Apparently working for Aso Rock enforcers at the time, Nzeribe had been gathering signatures of senators with a view to move for the impeachment of Anyim who had by then become an enemy of President Olusegun Obasanjo. But in a preemptive strike, a ruthless Anyim announced in plenary that Nzeribe had defrauded the Senate to the tune of approximately N22 million through five payments. While he provided no evidence to back his claim, he then requested the Senate to grant him (Anyim) leave to hand Nzeribe over to the police for investigation and possible prosecution. With the prayer adopted through a voice vote, Anyim banged his gavel to seal the indefinite suspension that kept Nzeribe out of the Senate for the remaining period of that term. Four years later, at the PDP primaries ahead of the 2007 general election in Orlu senatorial district where he had a larger-than-life profile, Nzeribe was defeated by his protégé, Osita Izunaso (who was aided by then Imo State Governor Achike Udenwa). Nzeribe never fully recovered from that political humiliation until the health challenge (combined with an advanced age of 83) that ultimately claimed his life last Thursday.
Ordinarily, the essence of political participation includes improving systems, empowering citizens etc., all in pursuit of the public good. But for the late Nzeribe, despite his brilliance and national reach, the obsessions were almost always about grabbing power, either for himself or in errands for others. To be sure, one can say that of most Nigerian politicians, but Nzeribe seemed to revel in the role of a spoiler while making himself available for any political undertaking, however unpopular. And it was difficult for me to understand why. Nzeribe may not be as rich as he was touted to be, but he was also, by all standards, materially very comfortable so he didn’t need to behave like a desperate man. Yet, in several instances, that was the way he presented himself to colleagues and the Nigerian public.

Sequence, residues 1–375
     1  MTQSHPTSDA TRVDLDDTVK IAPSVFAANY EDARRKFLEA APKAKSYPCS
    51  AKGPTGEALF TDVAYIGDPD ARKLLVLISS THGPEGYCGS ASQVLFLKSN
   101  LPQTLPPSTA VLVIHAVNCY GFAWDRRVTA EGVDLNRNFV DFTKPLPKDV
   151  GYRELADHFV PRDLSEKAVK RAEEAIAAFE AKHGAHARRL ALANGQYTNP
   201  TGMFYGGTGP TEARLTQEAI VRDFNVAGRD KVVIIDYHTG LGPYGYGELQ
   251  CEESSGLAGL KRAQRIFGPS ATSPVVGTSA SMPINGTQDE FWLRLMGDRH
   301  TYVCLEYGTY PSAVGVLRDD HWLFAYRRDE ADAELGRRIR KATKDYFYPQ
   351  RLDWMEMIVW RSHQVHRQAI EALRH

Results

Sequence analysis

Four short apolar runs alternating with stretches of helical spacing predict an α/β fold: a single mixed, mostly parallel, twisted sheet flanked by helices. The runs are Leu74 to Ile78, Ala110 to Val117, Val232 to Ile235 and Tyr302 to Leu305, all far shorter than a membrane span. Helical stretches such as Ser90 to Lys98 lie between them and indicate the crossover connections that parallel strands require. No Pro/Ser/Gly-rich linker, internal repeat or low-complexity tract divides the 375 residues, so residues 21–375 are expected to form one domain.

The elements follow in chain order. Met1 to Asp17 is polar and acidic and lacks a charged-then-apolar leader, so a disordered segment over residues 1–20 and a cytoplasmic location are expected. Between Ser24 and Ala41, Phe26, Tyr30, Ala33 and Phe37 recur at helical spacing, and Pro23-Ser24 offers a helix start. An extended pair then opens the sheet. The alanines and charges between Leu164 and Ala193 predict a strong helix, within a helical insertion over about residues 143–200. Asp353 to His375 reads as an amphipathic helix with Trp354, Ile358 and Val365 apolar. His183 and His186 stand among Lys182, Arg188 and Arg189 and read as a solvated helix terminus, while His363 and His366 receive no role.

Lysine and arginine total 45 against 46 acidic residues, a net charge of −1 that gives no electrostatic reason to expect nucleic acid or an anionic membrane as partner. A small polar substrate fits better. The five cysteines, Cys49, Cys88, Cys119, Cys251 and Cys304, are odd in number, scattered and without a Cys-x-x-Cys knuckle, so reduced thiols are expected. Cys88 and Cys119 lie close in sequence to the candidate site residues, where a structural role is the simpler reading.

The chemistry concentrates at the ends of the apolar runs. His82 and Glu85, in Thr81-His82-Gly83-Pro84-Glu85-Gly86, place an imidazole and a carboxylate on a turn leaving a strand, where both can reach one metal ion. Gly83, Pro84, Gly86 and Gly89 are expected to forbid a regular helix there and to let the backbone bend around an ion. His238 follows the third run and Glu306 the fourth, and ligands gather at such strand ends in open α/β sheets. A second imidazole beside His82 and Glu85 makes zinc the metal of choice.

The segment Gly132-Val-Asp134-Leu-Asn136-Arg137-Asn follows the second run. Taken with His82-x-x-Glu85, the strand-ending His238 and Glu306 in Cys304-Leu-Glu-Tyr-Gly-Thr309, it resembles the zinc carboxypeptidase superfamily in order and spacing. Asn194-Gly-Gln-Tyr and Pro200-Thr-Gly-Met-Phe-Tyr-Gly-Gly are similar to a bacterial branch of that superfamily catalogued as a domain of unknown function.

At the end, Nzeribe was arguably one of the most reviled politicians of his generation. And he brought that upon himself. He allowed his Machiavellian approach to politics to alienate him from different power groups across the country, and the ordinary people on the street. He was my friend, and I won’t ever forget that. But his legacy and how he would most likely be remembered are civic lessons that other politicians should learn from. I commiserate with auntie Joan and other members of the Nzeribe family. May the soul of the departed Ogbuagu, Oshiji, Damanze Oyimba of Oguta rest in peace.